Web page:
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Father and Son Black Bear Hunt in Saskatchewan

One of the things I truly enjoy in life is being able to join my children in the Great Outdoors. Our life seems to get busier every day, especially as my children grow older and they seem to have either a sport practice, game or a school event just about every night of the week.  It is truly amazing to watch all of my children grow and develop. But, no matter how busy our schedules are, the one thing that we will always make time for, is hunting. Why is this so important? Our special time hunting together is truly a good break from the busy world we live in.

 

With my children we’ve had many successful days in the field, but we have also shared many more days without taking our sought-after game.  When measuring our time together, there are no unsuccessful days. I believe that hunting teaches responsibilities not only to children, but also to adults.  Hunting is a healthy pastime, much more so than many of the other things done today. There is nothing that better teaches hard work and determination to a youngster than hunting.  And, when everything comes together perfectly, it can be one of the most rewarding experiences children ever have. 

 

Even though I do hunt with all of my children, I try my best not to push it on them.  I give them the opportunity to experience hunting and let them determine their own level of passion for it.  With my son Christian, he started hunting with me nine years ago when he was only four years old. Knowing a 4-year-old can’t sit still for very long, we started out by slowly walking our deer hunting area in Michigan in search of a doe.  On that first hunt we did not harvest our doe, but he had a great experience together, which was the ultimate goal. After our first hunt, he has joined me on deer hunts where we sit together in a blind waiting for deer to pass by. He really enjoys the deer camp atmosphere, hanging out with his cousins and sisters, and seeing his new friends at Salt River in Kentucky, where we have hunted each of the last three years. I still wasn’t sure that he had the serious hunting bug, until he came to me last fall after our Kentucky hunt and asked if we could go bear hunting with Emily and Lance at Safari River in Saskatchewan.   The previous year, Christian had accompanied me while I was bear hunting and he had really enjoyed the experience.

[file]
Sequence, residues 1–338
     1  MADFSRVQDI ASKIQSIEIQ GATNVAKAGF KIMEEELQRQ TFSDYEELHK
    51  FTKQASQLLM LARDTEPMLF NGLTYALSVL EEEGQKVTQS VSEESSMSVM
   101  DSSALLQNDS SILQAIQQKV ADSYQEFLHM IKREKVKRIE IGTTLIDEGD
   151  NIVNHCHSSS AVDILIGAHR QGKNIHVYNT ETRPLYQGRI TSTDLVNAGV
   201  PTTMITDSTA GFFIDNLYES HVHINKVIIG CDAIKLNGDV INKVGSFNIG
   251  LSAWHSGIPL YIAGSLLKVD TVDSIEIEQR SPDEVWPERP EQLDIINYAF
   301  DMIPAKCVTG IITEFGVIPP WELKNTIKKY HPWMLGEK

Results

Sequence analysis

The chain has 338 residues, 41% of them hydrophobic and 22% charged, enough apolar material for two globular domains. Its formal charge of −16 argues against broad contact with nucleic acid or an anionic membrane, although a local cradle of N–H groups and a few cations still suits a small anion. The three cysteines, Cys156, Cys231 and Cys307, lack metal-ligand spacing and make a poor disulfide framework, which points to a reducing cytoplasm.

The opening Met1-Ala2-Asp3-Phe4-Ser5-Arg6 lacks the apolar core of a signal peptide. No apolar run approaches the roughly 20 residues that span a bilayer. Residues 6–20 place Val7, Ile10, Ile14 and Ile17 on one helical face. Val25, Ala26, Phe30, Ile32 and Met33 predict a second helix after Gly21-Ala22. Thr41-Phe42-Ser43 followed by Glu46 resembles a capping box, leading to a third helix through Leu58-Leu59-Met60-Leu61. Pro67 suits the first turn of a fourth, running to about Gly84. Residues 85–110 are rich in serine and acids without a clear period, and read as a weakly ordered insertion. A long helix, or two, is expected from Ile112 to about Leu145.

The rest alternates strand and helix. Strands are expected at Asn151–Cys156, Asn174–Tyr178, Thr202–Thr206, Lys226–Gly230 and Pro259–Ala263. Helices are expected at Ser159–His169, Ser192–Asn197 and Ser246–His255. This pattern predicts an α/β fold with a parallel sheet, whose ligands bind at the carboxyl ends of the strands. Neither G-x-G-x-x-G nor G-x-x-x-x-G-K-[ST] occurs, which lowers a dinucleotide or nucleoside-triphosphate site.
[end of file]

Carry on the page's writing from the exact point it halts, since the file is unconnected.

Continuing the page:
At Christian’s urging, we made our plans to head north to Saskatchewan for the spring black bear season at Safari River.  Having hunted with Emily and Lance several times over the past couple of years, I know there is no better place for a youngster to hunt black bear and experience a warm camp atmosphere.  Emily and Lance run one of the best camps I’ve ever been to! In addition to plentiful game, the food, the atmosphere, the equipment, and the guides are all first rate. My only problem is that the food is so good, there is no doubt about adding a couple of pounds.